An important component of the spiritual journey is self-inquiry or self-reflection.
Spirituality invites us to a continuing journey of self-fulfilment and self-transformation so that we become increasingly whole as human beings in the sense of understanding more about ourselves and our place in the world and also able to experience ourselves fully, beyond the constraints of history, personality and trauma.
In the Christian context this is reflected in ideas and experiences including “being born again”, “be transformed by the renewal of your mind” and “where the Spirit of the Lord is, there is freedom. And all of us, with unveiled faces, seeing the glory of the Lord as though reflected in a mirror, are being transformed into the same image from one degree of glory to another” [2 Cor 3].
For many this is a lifelong process though some people also experience more immediate transformations too. On this spiritual journey and the journey of self-awareness and transformation there is the need for language to describe all of this. In this context there are a number of terms in common psychological and spiritual usage which can be quite confusing. These include ego, false self, true self, authentic self, unique self and to these we might add persona, and shadow. These terms do have varied usage so we need to understand how they are being used within any particular discourse.
At the moment, I think of these terms in the following ways, taking into account particularly the work of Thomas Keating, Cynthia Bourgeault, Ken Wilber and Marc Gafni.
1. I take the term Ego to refer to psychological self-identity. The ego is the body-mind that has a sense of individual identity, a ‘separate-self-sense’ that allows the possibility of functioning in this world as an individual, usually with a set of relationships to other beings and other things. This is our ordinary everyday self.
[As an aside, we can never expect to destroy our ego but it is possible to embrace yet transcend it in the sense that our perspective can move from a limited ego perspective to a larger True Self and also Authentic Self (or Unique Self) perspective.]
2. I think the term False Self refers to the human experience of the embodied self (the ego) as being frail, vulnerable, ‘sinful’, weak, fearful and mortal. The False Self lives with those limiting characteristics in the front of its mind, affected by shadow in its responses. The False Self is a distorted or unhealthy expression of our separate self (ego), often based on false core beliefs.
3. I take the term True Self to refer to the discovery (sometimes through peak experience or awakening experience) that our true identity is that of being part of a divine whole! The realisation that despite the experience of living as a separate embodied individual on this earth we have an identity which is one with everybody else’s true identity. Some people experience it as an expanded consciousness that includes everything and is one with God. So there is only ever one True Self, not many, and that True Self is to be found within the Reality of God. The invitation is to live beyond our ego, beyond separate self and false self in order to realise our true identity as True Self. Our own personal expression of True Self is our Unique Self (or Authentic Self).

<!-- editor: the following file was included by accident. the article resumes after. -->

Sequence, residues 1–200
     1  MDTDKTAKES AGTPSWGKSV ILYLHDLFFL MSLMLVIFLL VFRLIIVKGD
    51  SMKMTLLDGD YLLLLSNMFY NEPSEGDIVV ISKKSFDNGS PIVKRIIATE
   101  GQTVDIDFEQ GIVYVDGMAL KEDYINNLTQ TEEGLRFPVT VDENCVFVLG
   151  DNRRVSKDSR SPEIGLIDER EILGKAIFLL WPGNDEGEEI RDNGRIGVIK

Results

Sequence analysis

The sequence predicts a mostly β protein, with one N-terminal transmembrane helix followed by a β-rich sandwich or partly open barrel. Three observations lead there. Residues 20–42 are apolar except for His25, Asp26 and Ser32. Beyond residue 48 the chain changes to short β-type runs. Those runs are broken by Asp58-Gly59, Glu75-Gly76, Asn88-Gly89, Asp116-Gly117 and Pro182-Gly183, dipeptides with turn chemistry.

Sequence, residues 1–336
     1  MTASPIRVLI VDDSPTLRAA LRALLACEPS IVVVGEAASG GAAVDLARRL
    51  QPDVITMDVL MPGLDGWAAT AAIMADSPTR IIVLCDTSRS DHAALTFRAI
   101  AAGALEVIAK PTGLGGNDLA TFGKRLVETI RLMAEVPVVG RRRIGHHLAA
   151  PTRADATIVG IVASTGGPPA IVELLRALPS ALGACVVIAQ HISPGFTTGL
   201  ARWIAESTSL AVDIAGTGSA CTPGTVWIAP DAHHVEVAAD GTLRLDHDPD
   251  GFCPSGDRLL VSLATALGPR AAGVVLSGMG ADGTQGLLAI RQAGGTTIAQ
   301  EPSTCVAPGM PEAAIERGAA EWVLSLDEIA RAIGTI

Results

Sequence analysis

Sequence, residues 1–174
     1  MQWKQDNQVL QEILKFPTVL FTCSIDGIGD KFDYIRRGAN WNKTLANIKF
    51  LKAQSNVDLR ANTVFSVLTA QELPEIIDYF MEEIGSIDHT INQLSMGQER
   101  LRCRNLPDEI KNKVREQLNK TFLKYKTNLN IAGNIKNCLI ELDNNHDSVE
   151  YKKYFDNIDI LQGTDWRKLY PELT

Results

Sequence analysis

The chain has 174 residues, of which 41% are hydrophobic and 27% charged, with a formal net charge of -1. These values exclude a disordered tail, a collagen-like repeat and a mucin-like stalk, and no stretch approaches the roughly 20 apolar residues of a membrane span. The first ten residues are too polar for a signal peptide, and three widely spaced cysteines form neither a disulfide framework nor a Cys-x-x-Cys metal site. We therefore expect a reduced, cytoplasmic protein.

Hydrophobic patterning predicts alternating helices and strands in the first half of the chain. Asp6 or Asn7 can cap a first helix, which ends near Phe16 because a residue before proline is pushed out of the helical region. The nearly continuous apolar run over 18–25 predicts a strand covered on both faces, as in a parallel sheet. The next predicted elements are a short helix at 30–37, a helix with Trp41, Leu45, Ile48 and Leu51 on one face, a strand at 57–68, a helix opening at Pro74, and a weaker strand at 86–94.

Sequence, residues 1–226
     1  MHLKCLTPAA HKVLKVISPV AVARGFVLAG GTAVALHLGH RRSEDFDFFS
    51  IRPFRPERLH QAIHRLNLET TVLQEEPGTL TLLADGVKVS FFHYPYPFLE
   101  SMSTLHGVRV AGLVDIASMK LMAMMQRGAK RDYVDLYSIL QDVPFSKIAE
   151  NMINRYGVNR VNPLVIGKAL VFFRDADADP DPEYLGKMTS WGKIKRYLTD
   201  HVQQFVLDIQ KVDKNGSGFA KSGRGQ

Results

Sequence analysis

4. The Authentic Self can also be called the Unique Self and equates to a person with ego living with full awareness and experience of True Self. A person who has realised their True Self nature and is becoming a personal expression of the divine. In the Unique (or Authentic) Self God lives in us, as us and through us (as in the case of Jesus) as a unique expression of divinity. Unique self carries forward the gifted personality and consciousness of each of us that is uniquely part of the wider True Self consciousness.
5. Our Shadow is the weakness, limitation and flawed-ness of our ego that we try to hide from ourselves and others. It is that which is split off from ego to create a false self that is influenced by shadow in terms of how we think, feel and act. Jung, the Swiss analytic psychologist, described the shadow as the part of our personality that is unknown (and in that sense ‘dark’), consisting of tendencies that may be considered unwelcome and therefore repressed. The shadow may hold fears, guilt, shame, prejudices and core beliefs that may be to some degree unexamined and unknown.
6. Persona is equivalent to False Self. It is the personality and social role and characteristics that one presents to the world, influenced by both unconscious and conscious factors. Persona reflects the ego and shadow interweaving a social presence in the world.
Being aware of some of these terms can be helpful for discussion but also being aware of how you are functioning yourself. It can be valuable to realise where a particular thought, feeling or action may have its source, especially when examining negative aspects.
It will also be helpful in the nourishing of positive states of awareness and practice. Your true and unique self is always present but our ego is easily caught up in anxieties that draw us into in-authentic ways of thinking, feeling and acting. A simple practice is simply to pause frequently through the day to remind yourself of God’s presence with you and to be aware of that truer clearer presence of your true and unique self out of which you can choose to live.
Spiritual practices such as centering prayer or meditation cultivate the awareness of the presence of your true and unique self, held in the presence of God.
Jon Jelfs, August 2015